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TIP OF THE DAY: A Hard Cider Party For Halloween

Still looking for a Halloween activity?

How about a hard cider party? It’s adult, it’s fun, and it’s an opportunity to taste and compare more hard ciders than most of us get to do.

While in the U.S. and parts of Canada, the term “apple cider” is interchangeable with apple juice, in Europe a glass of cider is not kid stuff. It’s an alcoholic drink that that many prefer to beer—and if you look at the explosive sales figures, Americans are also discovering its charms: It’s the fastest-growing alcohol category.
 
WHAT IS HARD CIDER

When apples are pressed and bottled, you have apple juice—also called apple cider in the U.S., although in other countries apple cider refers to hard cider.

Hard cider is made from fermented apple juice; over a few months, the sugars in the juice turn into alcohol. As with craft beer, each brand has a distinct flavor profile and alcoholic content, generally from 3% ABV (alcohol by volume) or less to 8.5% or more.

  • Hard cider uses a different blend of apples than apple juice. In fact, many more apple varieties are used to create a fine cider. The import Magners Irish Cider is made from 17 varieties of apples!
  • Pears are also turned into cider, called perry in the U.K.
  • The juice ferments for eight weeks after the apples are pressed. The cider then matures or several months, and afterward is blended, filtered and carbonated. The result is a drink with the carbonation and alcohol of beer and the flavor of apples.
  • Many cider apples are sour, and can’t substitute for eating apples.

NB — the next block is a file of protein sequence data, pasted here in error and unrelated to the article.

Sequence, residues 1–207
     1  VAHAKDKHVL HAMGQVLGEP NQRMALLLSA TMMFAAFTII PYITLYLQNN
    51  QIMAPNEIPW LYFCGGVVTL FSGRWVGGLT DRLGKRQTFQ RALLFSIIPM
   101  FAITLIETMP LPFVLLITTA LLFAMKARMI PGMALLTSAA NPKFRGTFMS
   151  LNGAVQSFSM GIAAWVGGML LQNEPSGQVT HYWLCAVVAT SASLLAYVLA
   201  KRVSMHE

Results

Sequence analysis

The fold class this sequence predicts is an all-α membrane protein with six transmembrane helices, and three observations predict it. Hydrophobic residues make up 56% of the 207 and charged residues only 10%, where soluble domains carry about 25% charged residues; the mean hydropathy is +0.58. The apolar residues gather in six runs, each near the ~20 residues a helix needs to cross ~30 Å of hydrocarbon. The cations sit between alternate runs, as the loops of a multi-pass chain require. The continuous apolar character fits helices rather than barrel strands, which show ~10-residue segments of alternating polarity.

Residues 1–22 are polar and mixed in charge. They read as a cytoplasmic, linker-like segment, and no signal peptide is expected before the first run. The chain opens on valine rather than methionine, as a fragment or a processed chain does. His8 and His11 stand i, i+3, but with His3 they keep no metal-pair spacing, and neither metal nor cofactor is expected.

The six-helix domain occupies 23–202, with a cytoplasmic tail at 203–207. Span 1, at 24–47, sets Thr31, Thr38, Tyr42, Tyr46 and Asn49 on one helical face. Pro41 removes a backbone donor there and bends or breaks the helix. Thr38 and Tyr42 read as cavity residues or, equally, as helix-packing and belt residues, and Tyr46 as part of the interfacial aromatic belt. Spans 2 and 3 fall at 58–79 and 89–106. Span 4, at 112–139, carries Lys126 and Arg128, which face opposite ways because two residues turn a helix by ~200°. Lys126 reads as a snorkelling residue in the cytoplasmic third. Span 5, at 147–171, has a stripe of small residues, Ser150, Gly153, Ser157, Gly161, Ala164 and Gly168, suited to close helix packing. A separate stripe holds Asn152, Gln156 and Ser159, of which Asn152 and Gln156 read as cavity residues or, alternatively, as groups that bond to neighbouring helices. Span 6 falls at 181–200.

• Like wine, cider it has a relatively high concentration of antioxidants; it’s naturally gluten-free and is less filling than beer.
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    PLANNING YOUR CIDER PARTY

    Beyond Halloween, you can also have a cider tasting during Thanksgiving cocktail hour, for Mother’s Day, Father’s Day, and other celebrations.

    1. INVITE friends today: Halloween is eight days away.

    2. PLAN the number of ciders based on the number of people. If you’re serving 8 or more different ciders, estimate one bottle per four proper.

    3. PARE the list. There are many different styles of cider, and ciders from different countries (England, France, Ireland, Spain and others). Each country has its own preferred style, as you’ll see in the Top Artisan Ciders section below. You can’t try them all in one night—but you can have subsequent tastings to try the rest.

  • We recommend sticking with American cider brands for the first event. You want to try a good representation of artisan ciders. There are so many different types of local cider: dry , sweet, barrel-aged, At the next event, you can taste the winners against the Europeans.
  • Similarly, save the barrel-aged, flavored ciders (apple pie, cherry, honey, raspberry, orange, etc.), ice cider (like ice wine, it’s pressed from naturally frozen fruit), perry and spiced ciders for next time.
  • Look for Angry Orchard, Crispin, Strongbow and Woodchuck, for starters; they’re national brands. You can create an entire tasting just by gathering up the different expressions of each brand. For example, Angry Orchard features Apple Ginger, Crisp Apple, Green Apple, Hop’n Mad Apple, Stone Dry, plus a fall seasonal cider, Cinn-Full Apple.
  • Artisan ciders tend to be distributed in the limited area where they are produced—not just because small companies lack sales and marketing heft, but because each brand needs to go through approval of each state liquor authority. It’s daunting, but we’ve listed some highly-rated ciders below.
  • Do not mistakenly pick up a flavored apple beer, like Redd’s Apple Cider. These beverages are artificially flavored, and don’t belong on the same table as cider, an all-natural drink.
  • Do have some apple cider (apple juice) for designated drivers. If you buy a few different kinds, they can have their own “tasting.”
  •  
    4. PLAN the eats. You can serve hard cider with any snack or food you’d serve with beer, but the sweetness of cider allows you to serve it with desserts, too.

  • For snacks: charcuterie and hearty cheeses.
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    Angry Orchard Cider

    Crispin Cider

    Woodchuck Hard Cider

    Strongbow Cider